the facts.

We also were looking for whether were there things that the successful African

American schools were doing that the non-successful schools were not doing that

specifically had to do with race. Two of the schools had been organized around

an Afrocentric curriculum. They basically changed the culture and language of

the school. Authority relationships were familial, so it was aunt and uncle

and mother and father and older brother. But two other successful schools totally

rejected that approach, saying we’re going to teach them just like any other

kids. So it may be that an Afrocentric curriculum is very beneficial, at least

to a certain group of kids, but you can’t say it’s essential.

Did you find differences in any arena between African Americans and Latinos?

There were pretty clear differences between predominantly Hispanic and African

American schools, and they have to do with the culture of the school. There’s

not the same degree of skepticism about kids’ ability to learn in the predominantly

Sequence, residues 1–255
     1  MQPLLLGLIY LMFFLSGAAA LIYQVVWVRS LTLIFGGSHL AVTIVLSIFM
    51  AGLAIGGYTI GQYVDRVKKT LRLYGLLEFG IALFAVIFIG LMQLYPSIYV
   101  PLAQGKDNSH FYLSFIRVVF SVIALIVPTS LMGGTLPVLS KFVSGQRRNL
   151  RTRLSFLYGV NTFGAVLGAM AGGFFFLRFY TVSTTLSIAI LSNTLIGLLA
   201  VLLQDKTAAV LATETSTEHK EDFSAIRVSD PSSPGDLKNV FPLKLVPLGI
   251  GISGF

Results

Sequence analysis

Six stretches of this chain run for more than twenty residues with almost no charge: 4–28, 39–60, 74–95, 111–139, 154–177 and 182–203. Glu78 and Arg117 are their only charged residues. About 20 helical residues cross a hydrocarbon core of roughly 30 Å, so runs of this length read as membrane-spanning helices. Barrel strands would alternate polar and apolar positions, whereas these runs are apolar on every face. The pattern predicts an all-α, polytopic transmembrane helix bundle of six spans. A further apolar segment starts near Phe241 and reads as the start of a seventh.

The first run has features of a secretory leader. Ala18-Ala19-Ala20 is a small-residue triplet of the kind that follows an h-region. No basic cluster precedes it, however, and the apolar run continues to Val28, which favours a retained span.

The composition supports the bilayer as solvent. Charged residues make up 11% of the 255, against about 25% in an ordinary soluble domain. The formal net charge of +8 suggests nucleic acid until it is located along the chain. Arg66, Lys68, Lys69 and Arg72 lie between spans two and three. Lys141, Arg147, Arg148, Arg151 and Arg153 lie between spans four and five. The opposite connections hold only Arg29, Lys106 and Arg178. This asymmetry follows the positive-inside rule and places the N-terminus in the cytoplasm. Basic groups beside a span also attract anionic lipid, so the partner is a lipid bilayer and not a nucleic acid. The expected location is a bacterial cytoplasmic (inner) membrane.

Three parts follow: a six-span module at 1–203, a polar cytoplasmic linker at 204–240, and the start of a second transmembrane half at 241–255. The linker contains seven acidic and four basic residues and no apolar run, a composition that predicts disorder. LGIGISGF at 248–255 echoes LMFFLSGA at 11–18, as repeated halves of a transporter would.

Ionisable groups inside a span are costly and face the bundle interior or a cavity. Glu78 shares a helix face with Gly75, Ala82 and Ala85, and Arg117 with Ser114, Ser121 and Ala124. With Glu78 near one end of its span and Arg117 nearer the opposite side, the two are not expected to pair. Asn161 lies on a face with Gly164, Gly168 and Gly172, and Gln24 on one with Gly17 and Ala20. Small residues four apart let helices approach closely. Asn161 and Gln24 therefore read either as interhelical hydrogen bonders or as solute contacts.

Hispanic community, and I think there is a closer identity between Hispanic

teachers and Hispanic students. In predominantly African-American schools, we

get this bifurcation between schools that want to treat all the kids as a family

and schools that want to largely ignore race. We also have far more schools

where large aggregates of teachers are more discouraged about the possibilities

of African-American kids than of Hispanic-American kids.

And you’re talking in part about African-American teachers?

I’m talking equally about white and black teachers. In many ways, it’s a class

issue every bit as much as it is a race issue.

[Back to Top]

What do you think about the role that school choice plays?

I think we’re going to see more and more choice. It is unjustifiable to force

some kids to go to schools that are really bad for them. But choice will not,

by itself, be the spur to school improvement that some believe it will be.

You were talking earlier about progress.

It’s important for us to note that we’re a long way ahead of where we were.

We still have major problems in disconnecting race and class from student achievement